Do you use an unmarked bridleway when exercising your horse(s)? Did you know that you need to act now to protect the equestrian offroad network?
Legislation was introduced in 2000 to state that any pre-1949 paths must be recorded by 2026 to continue to carry public rights. This means that any offroad tracks, bridleways or paths not recorded will cease to exist after 1st January 2026. There are potentially thousands of routes across the UK which are at risk, so it is important that you’re aware of these changes and protect the routes that you utilise.
Phil Wadey, a space satellite scientist and vice-chair of the conservation body Open Spaces Society says “These paths are all over the place. A lot of them are actually paths that are in everyday use. They are not hidden. We are not talking about paths that have fallen into disuse. There are actually people walking or riding or cycling along them. But they are not on the official map, so they will vanish if applications are not made. People won’t realise until they are gone and then it will be too late”.
Many walkers follow a their favoured route when out for a day exploring the countryside. However, it seems not only bridleways but thousands of public footpaths could soon be lost for ever. Walking charity Ramblers ,formerly the Ramblers Association, has found that there are some 50,000 miles of right of way not marked on any map – some of which date back to Roman times! The Don’t Lose Your Way project is helping the Ramblers prioritise useful paths and make applications to get them on the map as legal rights of way.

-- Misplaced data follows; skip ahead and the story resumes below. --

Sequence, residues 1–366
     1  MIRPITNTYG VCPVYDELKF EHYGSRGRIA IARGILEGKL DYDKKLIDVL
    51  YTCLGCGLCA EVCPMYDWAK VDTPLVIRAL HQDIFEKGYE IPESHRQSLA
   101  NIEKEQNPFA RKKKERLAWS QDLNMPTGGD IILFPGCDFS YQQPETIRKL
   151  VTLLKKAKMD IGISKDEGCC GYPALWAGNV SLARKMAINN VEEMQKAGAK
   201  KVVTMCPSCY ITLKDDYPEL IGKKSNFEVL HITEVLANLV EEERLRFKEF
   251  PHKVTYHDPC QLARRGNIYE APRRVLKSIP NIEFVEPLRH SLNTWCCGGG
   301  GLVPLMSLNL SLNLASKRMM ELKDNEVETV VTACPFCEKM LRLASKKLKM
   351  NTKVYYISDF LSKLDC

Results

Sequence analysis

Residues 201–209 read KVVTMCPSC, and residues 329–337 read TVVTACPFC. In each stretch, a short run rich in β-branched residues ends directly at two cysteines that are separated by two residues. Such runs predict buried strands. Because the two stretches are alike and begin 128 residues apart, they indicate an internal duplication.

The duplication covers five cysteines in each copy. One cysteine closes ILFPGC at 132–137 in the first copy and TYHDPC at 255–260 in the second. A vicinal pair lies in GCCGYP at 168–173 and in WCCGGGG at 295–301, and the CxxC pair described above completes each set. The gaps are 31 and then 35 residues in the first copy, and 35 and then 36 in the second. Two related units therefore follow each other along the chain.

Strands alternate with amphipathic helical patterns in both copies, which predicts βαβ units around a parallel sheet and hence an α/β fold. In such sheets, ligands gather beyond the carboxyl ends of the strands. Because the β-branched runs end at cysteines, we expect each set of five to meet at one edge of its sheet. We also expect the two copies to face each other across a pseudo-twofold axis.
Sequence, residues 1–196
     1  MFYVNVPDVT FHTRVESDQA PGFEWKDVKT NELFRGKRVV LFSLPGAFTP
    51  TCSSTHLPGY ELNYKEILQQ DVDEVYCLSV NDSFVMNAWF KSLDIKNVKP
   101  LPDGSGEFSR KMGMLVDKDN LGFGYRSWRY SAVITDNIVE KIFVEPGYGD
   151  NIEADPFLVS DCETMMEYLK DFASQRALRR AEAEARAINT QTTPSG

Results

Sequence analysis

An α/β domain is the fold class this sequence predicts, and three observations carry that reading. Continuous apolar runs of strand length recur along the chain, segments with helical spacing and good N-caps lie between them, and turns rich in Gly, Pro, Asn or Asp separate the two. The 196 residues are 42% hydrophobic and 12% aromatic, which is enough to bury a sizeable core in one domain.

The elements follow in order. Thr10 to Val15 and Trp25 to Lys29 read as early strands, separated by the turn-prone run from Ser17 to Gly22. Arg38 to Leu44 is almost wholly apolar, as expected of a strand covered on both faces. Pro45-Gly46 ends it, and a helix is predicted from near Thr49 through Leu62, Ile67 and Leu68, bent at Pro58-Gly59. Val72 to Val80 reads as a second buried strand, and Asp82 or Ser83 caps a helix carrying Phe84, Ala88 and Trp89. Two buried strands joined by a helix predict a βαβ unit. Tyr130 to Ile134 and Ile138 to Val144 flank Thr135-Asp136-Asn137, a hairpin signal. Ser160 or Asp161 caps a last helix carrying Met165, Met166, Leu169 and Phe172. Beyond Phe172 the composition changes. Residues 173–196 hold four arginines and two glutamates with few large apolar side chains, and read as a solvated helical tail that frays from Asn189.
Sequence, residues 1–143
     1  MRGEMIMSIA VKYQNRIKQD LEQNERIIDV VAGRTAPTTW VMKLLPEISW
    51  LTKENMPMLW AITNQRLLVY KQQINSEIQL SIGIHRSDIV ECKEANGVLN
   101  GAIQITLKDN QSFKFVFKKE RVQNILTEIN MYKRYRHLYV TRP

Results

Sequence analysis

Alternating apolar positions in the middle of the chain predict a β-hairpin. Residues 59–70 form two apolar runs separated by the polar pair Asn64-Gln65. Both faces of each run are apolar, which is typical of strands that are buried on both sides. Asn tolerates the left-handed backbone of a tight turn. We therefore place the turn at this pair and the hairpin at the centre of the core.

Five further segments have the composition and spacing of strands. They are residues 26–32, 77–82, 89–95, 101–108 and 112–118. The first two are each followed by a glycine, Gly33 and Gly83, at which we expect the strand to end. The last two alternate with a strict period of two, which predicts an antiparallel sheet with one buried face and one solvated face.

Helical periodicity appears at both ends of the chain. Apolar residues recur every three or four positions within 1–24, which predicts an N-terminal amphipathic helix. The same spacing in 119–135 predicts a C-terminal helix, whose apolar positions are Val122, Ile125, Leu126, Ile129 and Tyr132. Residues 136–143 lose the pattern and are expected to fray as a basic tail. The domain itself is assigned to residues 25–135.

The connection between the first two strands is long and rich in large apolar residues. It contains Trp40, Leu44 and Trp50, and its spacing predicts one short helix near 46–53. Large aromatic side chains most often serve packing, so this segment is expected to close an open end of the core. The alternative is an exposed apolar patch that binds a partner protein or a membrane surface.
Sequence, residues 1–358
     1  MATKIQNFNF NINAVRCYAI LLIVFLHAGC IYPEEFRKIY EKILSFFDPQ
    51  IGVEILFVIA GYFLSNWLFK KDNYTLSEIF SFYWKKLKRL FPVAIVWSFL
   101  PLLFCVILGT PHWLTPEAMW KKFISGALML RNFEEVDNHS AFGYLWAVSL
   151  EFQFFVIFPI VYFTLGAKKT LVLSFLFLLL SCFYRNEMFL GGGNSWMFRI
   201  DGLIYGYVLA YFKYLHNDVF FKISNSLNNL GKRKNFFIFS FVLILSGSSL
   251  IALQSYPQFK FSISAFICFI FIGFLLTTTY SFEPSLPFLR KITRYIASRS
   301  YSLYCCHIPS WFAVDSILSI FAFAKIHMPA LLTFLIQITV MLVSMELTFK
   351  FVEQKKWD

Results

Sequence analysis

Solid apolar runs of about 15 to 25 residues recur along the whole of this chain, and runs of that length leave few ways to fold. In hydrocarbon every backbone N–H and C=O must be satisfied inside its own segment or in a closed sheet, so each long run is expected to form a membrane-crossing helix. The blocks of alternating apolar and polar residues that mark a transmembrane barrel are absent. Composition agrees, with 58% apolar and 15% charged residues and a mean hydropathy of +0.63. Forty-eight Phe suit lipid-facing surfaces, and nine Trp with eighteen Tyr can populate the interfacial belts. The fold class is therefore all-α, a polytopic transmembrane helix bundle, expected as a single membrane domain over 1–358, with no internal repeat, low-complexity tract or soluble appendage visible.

Everyone has a part to play, and you can help to protect a bridleway near you. Some of the actions that you can take include:
- Check your bridleway is recorded via the OS Maps app or ask your local authority. On this app, you can use a highlighter pen to mark the routes that you use or are aware of.
- Take photographs of the features of the routes that you think indicate that they were an old cart track or a bridleway, even if they’re only used as a footpath today.
- If you are unsure about a footpath you ride on, simply contact email@example.com.
- Attend a training day – a training day is the perfect way to educate yourself on the historical routes and resources used in order to study them.
- Become a volunteer of the British Horse Society, where you will receive support and guidance to help protect the bridleways in the UK.
Find out more about how you can secure and save bridleways near you here.